New research reveals blue light may not be as harmful as previously portrayed


Uma Kandallu

When sophomore Sophie Zhou arrives home from school each day, she takes a nap for a couple of hours before starting on her homework and then finally goes to bed around 1 a.m. Depending on how much homework she has, she may stay up even later. This routine means she has to look at blue light-emitting technology before she finally goes to sleep for the night.

She said, “(Since) I have more online homework, I tend to spend more time on the computer and do homework later at night, so I would get less sleep that way.”

Zhou said she does not think exposure to blue light before sleeping impacts the quality of her sleep and said she hasn’t noticed much difference between using blue light sources right before she goes to sleep and not using them.

This anecdotal evidence supports a recent study conducted by researchers at the University of Manchester which found that in fact, yellow light negatively affects sleep more than blue light. This confirmed the researchers’ hypothesis that darker light, like blue light, would mimic the darkness of twilight, and warmed-toned light, like yellow light, would mimic the brightness of daytime, ultimately causing yellow light to disturb one’s sleep more than blue light.

Despite these findings, blue light is often treated as more of a concern to our health than other colors because it contains more energy per photon of light. This means blue light is more likely to damage our bodies when absorbed by cells in higher doses.

Unlike Zhou, freshman Taehee Kim said he started actively trying to avoid contact with blue light before sleeping about two months ago.

Kim said, “I read some articles and studies that show that blue light causes disturbances in my sleep, and I wanted to try it out to see if it really will help me get better sleep.”

Kim said he found he has been able to fall asleep much quicker and get a better night’s rest overall since trying to avoid blue light.

Derek Moser, health and wellness education teacher, said for him, being on his phone before trying to sleep is a major factor in the quality and amount of sleep he gets each night; however, he said that may be more due to it being a distraction than the type of light it emits.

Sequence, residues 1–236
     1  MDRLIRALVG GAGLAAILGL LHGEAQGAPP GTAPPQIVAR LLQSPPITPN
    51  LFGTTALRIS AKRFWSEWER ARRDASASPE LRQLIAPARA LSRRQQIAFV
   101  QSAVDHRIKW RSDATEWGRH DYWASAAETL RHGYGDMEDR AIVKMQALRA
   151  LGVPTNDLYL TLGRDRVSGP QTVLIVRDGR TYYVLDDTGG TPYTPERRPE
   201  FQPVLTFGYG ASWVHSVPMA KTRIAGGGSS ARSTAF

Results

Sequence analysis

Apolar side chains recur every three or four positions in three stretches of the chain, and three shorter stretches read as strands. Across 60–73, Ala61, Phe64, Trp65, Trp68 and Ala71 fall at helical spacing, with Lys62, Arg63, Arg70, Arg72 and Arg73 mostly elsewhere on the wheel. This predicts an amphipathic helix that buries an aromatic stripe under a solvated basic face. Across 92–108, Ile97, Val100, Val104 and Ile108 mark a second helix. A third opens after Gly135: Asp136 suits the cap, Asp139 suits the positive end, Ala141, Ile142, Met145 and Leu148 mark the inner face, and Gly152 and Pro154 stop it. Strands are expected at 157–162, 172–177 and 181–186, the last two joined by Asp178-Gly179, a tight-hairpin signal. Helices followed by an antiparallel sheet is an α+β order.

“I try not to spend too much time on my phone before when I’m in bed. I think for me it’s more because I can spend an hour on my phone when I should be sleeping,” he said. “So it’s kind of just getting rid of it and putting it down and away from me so I can’t grab it.”

Like Zhou, Kim said having more online homework leads him to stay up later at night in order to complete that homework.

“I believe that the more homework I have online—since I do homework later in the night—affects me since I try to stay away from it, but I can’t since most of my homework is online, so I have to reluctantly look at the blue light,” Kim said.

Additionally, Zhou said she believes reducing the amount of online homework could potentially help students’ sleep schedules.

“I get mostly online homework, and that’s changed a lot from last year, but I think that online homework is beneficial in some ways. You’re less likely to forget something at home, so you’re more accountable for having (the homework) done,” Zhou said.

Angela Chen
Sophomore Sophie Zhou uses her laptop in the dark. She said she often gets online homework, which forces her to look at blue light at night.

Moser said that regardless of whether or not students view blue light before going to sleep, the overall impact that lack of sleep can have on a teenager’s developing body is immense.

“(Sleep deprivation) causes more stress, physical ailments, illnesses and has a huge effect cognitively,” Moser said. “It’s just not healthy; you really need sleep.”

Personally, Kim said even if the new study debunks blue light’s effect on sleep, he will still continue to avoid it, as he said it works for him and his sleep schedule.

“In the end, it’s just how my brain perceives it,” Kim said. “If it really doesn’t affect me that much, but I believe it does, I trick my brain and get a good night’s rest.”

Zhou said she normally ends up using blue light sources later at night due to procrastination and has not found any significant effects of blue light on the quality or amount of sleep she gets.

“Trying to avoid blue light is not really something that I think about,” Zhou said. “It’s more that I end up doing (online) homework at night, so I end up using sources of blue light (late at night).”

Check out a story about the effects of smartphone use on eyes here.